Verizon Wireless plans to start selling Square Inc.'s mobile card readers in its retail stores today.
Square has long relied on retail stores to distribute its card readers, which allow small businesses to accept swiped card payments by plugging a small, square-shaped device into the headphone jack of a smartphone or tablet.
Verizon's support of Square, which also offers a software-based mobile wallet, seems to be in contrast to its stance on Google Wallet, which it has long resisted. Verizon, which is one of the carriers behind the Isis mobile-wallet venture, says it objects to Google's use of the phone's secure element, which it describes as "a secure and proprietary piece of hardware."
In a letter posted online in December, Verizon named Square as one of the mobile wallets it allows its customers to use.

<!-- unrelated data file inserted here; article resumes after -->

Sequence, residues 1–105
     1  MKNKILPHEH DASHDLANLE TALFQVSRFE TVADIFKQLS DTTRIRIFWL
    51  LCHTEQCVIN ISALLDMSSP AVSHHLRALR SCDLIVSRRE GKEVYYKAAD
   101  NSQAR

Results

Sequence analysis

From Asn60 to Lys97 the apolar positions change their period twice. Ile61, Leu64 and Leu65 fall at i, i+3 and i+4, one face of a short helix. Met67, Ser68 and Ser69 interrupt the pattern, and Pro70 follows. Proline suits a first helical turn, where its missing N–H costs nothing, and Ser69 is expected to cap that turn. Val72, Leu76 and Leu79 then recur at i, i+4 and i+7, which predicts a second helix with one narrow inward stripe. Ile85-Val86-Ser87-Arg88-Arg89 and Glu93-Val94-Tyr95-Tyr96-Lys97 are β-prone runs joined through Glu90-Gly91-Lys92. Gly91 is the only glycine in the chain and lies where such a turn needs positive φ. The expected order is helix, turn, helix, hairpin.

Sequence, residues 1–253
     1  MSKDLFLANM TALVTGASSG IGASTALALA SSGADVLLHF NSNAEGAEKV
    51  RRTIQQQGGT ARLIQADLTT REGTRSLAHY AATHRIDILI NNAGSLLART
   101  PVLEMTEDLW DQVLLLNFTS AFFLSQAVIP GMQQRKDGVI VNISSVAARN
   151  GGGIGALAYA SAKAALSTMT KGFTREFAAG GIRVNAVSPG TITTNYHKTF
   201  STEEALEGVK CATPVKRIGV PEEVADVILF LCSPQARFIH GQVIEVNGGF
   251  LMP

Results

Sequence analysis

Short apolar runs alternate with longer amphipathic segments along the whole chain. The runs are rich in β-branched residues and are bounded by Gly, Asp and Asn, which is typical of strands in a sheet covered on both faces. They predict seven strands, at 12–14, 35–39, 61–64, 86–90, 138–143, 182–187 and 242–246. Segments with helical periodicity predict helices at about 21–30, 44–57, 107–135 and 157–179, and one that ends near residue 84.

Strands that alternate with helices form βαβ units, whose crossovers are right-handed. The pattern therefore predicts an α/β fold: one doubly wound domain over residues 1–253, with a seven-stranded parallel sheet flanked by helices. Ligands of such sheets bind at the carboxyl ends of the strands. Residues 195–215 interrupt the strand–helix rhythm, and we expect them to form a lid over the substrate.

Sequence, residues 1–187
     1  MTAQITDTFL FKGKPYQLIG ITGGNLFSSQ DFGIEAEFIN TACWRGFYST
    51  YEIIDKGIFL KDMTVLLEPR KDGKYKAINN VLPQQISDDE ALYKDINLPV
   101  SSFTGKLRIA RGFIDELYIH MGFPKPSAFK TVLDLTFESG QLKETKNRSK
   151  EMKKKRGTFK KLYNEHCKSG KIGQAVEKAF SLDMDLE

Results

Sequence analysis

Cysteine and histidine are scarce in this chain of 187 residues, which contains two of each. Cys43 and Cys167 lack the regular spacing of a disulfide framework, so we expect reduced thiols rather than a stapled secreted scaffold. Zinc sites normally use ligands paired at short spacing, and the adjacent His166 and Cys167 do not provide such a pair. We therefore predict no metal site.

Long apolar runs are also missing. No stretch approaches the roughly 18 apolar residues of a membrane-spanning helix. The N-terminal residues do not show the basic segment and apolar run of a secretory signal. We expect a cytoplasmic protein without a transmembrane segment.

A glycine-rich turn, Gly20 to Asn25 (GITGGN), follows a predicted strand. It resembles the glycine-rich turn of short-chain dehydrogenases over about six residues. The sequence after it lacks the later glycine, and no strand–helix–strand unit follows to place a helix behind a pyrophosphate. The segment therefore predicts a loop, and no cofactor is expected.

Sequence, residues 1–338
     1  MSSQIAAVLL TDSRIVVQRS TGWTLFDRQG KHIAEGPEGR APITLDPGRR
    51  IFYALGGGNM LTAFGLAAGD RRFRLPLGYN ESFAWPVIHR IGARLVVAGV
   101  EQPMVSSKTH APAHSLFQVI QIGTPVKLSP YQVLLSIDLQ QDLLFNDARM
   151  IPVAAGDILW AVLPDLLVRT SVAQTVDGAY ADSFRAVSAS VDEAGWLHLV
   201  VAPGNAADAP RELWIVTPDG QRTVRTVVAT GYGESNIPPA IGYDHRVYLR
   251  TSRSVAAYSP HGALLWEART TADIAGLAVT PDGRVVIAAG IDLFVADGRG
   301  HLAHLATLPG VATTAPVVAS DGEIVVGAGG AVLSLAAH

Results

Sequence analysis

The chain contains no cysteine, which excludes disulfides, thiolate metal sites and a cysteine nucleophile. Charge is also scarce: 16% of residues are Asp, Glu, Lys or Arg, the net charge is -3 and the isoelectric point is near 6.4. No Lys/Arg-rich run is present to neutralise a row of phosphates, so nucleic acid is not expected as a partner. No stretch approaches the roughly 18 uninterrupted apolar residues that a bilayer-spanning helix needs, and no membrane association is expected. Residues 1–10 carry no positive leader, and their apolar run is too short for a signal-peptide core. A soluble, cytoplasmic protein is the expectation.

"For small business owners, wireless technology can provide a simple solution to allow businesses of any size to expand payment options for customers," Paul Macchia, a member of Verizon's corporate communications team, said in a blog post Jan. 31. "Using a mobile payment tool such as Square, businesses from boutique shops, to plumbers, to professional services, to salon professionals and independent contractors can accept credit or debit card payments using their smartphone or tablet."
In January, Starbucks Corp. began selling Square's readers in its stores. Starbucks invested $25 million in Square in August and began accepting Square's mobile wallet in November, though it does not use Square's readers to accept payments.
Verizon and Square separately have been working to restore payments acceptance to downtown Manhattan in the aftermath of Superstorm Sandy. Verizon is providing local merchants with temporary wireless phone and Internet devices, whereas Square is distributing its readers through the Alliance for Downtown New York, a business association.